Review: Hawser by J. Hardy Carroll

HawserHawser by J. Hardy Carroll
My rating: 5 of 5 stars

This historical fiction novel is highly recommended. War novels are not my usual go-to, though I do enjoy an Erik Larson historical fiction now and then. Hawser brought WWII and the Air Force’s role in the American European campaign to life, as the protagonist arrives in Britain with the 1st wave of Americans and B-17s. Hawser, an Iowa-born, Arizona-raised bombardier, gives an inside perspective into the mindset of the war-wracked soldier and into the workings of the evolving planes of the war.

The story opens on the starving shell of Lt. Hawes amid the grinding routine of an Air Force officer’s POW camp hoping to make it another day, another hour. Then, the story flashes back to his arrival into the new world of war and the various men and women he’d met along the way.

Stress is high, camaraderie is true and romance is a warped thing doomed before it begins.

It was an odd unhinged emptiness. I felt like a kite with a cut string, the wind still blowing hard but in no particular direction, no thread of resistance to guide me. I wouldn’t have been surprised to float off my cot and into the tent ceiling, continue higher still with canvas shroud until I was as far above the camp as I had been over Hamburg or Schweinfurt.

Nobody’s approach to the war and their role in it is the same. Hawser and the richly developed secondary characters feel very real, with superb use of regional accents and military jargon enjoyably appropriate.

I received my copy of the book when the author contacted me directly through The Book Review Directory, a blog.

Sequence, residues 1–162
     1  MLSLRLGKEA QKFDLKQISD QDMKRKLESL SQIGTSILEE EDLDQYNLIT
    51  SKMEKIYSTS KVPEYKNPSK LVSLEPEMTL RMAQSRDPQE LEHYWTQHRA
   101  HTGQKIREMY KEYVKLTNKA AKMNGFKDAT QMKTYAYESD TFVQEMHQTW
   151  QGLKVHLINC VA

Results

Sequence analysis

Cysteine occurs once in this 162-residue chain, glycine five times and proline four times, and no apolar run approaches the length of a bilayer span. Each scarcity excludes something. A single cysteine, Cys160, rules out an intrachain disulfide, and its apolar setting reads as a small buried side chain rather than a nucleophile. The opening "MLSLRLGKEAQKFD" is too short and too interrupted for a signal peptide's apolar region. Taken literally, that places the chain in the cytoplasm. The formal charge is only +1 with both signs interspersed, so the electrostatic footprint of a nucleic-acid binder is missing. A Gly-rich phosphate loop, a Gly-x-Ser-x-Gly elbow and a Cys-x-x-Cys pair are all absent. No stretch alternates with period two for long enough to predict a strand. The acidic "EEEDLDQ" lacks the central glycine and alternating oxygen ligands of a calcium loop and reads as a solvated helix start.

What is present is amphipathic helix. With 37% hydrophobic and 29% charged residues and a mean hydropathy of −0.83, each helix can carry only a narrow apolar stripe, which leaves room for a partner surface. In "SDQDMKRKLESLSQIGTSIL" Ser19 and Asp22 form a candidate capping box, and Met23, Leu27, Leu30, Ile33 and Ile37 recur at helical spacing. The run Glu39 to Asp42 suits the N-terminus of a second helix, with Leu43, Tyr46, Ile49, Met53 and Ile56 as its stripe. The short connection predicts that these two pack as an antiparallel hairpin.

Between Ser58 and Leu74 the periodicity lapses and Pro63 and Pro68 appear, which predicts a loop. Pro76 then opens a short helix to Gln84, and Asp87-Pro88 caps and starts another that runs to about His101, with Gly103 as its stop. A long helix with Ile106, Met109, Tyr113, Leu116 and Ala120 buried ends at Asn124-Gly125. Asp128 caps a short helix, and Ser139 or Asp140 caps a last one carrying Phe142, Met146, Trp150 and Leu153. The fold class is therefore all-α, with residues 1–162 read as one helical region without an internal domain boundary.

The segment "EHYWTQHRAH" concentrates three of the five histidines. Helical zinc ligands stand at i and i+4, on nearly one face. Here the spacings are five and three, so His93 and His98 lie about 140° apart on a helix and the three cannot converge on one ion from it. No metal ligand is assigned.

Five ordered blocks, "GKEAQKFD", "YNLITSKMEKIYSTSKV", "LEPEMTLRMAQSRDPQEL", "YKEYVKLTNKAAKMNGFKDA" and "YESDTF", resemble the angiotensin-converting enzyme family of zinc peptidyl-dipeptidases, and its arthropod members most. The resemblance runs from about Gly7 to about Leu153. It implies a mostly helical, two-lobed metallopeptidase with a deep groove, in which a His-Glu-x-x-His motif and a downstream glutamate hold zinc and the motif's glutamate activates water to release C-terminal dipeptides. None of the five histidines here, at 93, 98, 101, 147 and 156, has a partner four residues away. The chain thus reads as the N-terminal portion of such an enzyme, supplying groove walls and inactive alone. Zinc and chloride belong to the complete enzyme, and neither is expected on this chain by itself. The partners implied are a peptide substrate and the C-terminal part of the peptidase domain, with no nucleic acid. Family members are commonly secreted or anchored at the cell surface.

[Check out my other reviews here.]

Review: “The Doom that Came to Devil’s Reef” by Don Webb

2 of 5 stars.

This manipulative short story masquerades as Lovecraft biography providing 3 possible readings. It purports to be biographical, claiming that Lovecraft procured the mad ramblings of an woman institutionalized where his parents were and wrongly thought to be his distant cousin. Said ramblings are strikingly similar to the alien-ocean-god tale of Cthulhu and Innsmouth. Lovecraft wrote the name of his story’s town and god-figures over the original text in the woman’s notebook.

The humans worship themselves through a demon called Darwin. If their line of faith were right I would be greater than my grandmother, my grandmother would be greater than hers, and she would be greater than . . .

-OR- One could imply that the notebook is a fake created by Lovecraft to add intrigue to his Cthulhu story and there is no faux cousin. The false family connection and the madhouse add nice writerly details.

No race can kill a planet they say. I warn them, there is no race as vile as humans.

-OR- There is no faux cousin nor notebook and the entire bio is a fictional short story by Webb to add mystery and longevity to the Lovecraft / Cthulhu world. This would put it on par with Shakespeare in Love and Abraham Lincoln: Vampire Slayer.

Aside from a few nice random quotes, this piece does not add much to the original Lovecraft with any of the 3 readings.

“The Doom that Came to Devil’s Reef” appears in New Cthulhu 2: More Recent Weird edited by Paula Guran after originally appearing in Through Dark Angles (Hippocampus, 2014).
[Check out my other reviews here.]